Pakistan yet to fully benefit from corundum deposits

November 23, 2022

Faiza Tehseen

Pakistan imports a host of industrial items made from corundum, spending sizable foreign exchange despite that it has rich deposits of this rock-forming mineral in Khyber Pakhtunkhwa and Northern Areas, reports WealthPK.

Corundum, both natural and synthetic, are used in a variety of industrial applications due to its chemical stability, durability, toughness, and hardness.

It ranks 9th on Mohs’ scale of hardness and can easily scratch almost anything. Other than its use in jewelry, corundum is widely used in different industries, i.e., manufacture of different types of abrasives, grinding of optical glass, metal polishing, grinding wheels, sand/emery papers, industrial bearings, circuit board wafers, scratch windows for electronic instruments, nail files, belt sanders, etc. It is also used as the refractory lining and in laser beam technology.

Talking to WealthPK, Principal Geologist at the Global Mining Company, Islamabad, Member of the National Council for Marble & Granite and Minerals, and former GM Geology at the Pakistan Mineral Development Corporation Muhammad Yaqui Shah said, “Corundum is the crystalline form of Aluminum Oxide and is found in almost every type of rock formation. After diamond, it is the second hardest gem. Typically, it contains traces of titanium, vanadium, iron, chromium, etc. Its variety in colors depends upon the presence of transitional metal impurities. Due to its vast range of colors, it is the most widely demanded gem. Ruby and sapphire are the most famous varieties of corundum, while colorless corundum is largely used for industrial purposes.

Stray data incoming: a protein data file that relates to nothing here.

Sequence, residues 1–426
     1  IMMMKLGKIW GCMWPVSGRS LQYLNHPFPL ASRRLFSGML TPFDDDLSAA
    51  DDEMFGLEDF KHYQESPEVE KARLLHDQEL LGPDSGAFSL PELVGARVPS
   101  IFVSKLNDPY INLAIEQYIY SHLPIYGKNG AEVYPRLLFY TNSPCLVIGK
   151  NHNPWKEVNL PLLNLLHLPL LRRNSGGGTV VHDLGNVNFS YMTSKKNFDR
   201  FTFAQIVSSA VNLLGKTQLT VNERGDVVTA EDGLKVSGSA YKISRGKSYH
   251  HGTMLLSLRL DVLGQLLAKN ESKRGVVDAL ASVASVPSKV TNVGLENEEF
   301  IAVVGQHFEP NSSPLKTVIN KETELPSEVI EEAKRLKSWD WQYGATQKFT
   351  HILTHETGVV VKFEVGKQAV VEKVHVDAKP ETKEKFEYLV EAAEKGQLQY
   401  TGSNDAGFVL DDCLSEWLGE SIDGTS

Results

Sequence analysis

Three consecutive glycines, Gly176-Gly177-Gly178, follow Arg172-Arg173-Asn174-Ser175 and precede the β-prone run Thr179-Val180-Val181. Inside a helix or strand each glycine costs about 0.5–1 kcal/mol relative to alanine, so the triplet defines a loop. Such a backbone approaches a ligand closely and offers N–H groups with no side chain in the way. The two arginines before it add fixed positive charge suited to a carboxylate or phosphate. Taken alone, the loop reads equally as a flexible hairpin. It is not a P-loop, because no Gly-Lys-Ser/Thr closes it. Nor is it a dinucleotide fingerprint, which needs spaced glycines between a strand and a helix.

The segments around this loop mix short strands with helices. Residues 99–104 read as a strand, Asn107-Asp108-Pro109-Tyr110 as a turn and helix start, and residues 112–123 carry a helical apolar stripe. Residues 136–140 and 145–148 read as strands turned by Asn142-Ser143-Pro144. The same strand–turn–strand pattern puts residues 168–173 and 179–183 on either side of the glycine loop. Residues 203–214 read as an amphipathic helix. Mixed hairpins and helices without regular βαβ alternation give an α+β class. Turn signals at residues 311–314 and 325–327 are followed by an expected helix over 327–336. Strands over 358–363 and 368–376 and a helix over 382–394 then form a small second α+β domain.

Being chemically inert, scratchless and heat-resistant, it is ideal for many industrial applications. Its bearings are especially used in expensive mechanical watches. In Pakistan, its colorful and expensive varieties are found in Hunza, Kaghan, and Shigar, while colorless formations are abundantly found in Dir.”

In a discussion with WealthPK, the Production Plant Manager of Falcon Abrasives, Karachi, Syed Imran Ali Bukhari said, “It is true that we largely import abrasive materials to manufacture different varieties of abrasives. Crushing of garnet, silica/quartz sand, corundum, etc in different mesh is used to produce them which are locally available in large quantities but are not available in the processed form. Now, many foreign investors with the coordination of local people are producing the processed raw material in Manghopir and Mash Goth in Karachi through advanced units. However, production from these units is limited. To enhance production, its active industry must be established. This will help cut both import and production costs and our local industrialists will get qualitative products at low rates. In this way, not only can domestic needs be fulfilled, but excess products can also be exported, as abrasives are a regular part of most of the production units.”

Imran said right now they were producing cloth-based abrasive sheets, paper-based abrasive sheets, buffing belts, etc.

He said there was no lack of sources in Pakistan, but if the power was subsidised, a lot of raw material processing could be done locally.

He said the government must check the trafficking of many materials for a vast number of industrial products along with the mixed declaration of excise duty items.

“It is important to strengthen our domestic industry. The government must provide a proper follow-up to the local production units in the search for new markets. The production will then increase, which will reduce the cost almost to zero,” he added.

Credit : Independent News Pakistan-WealthPk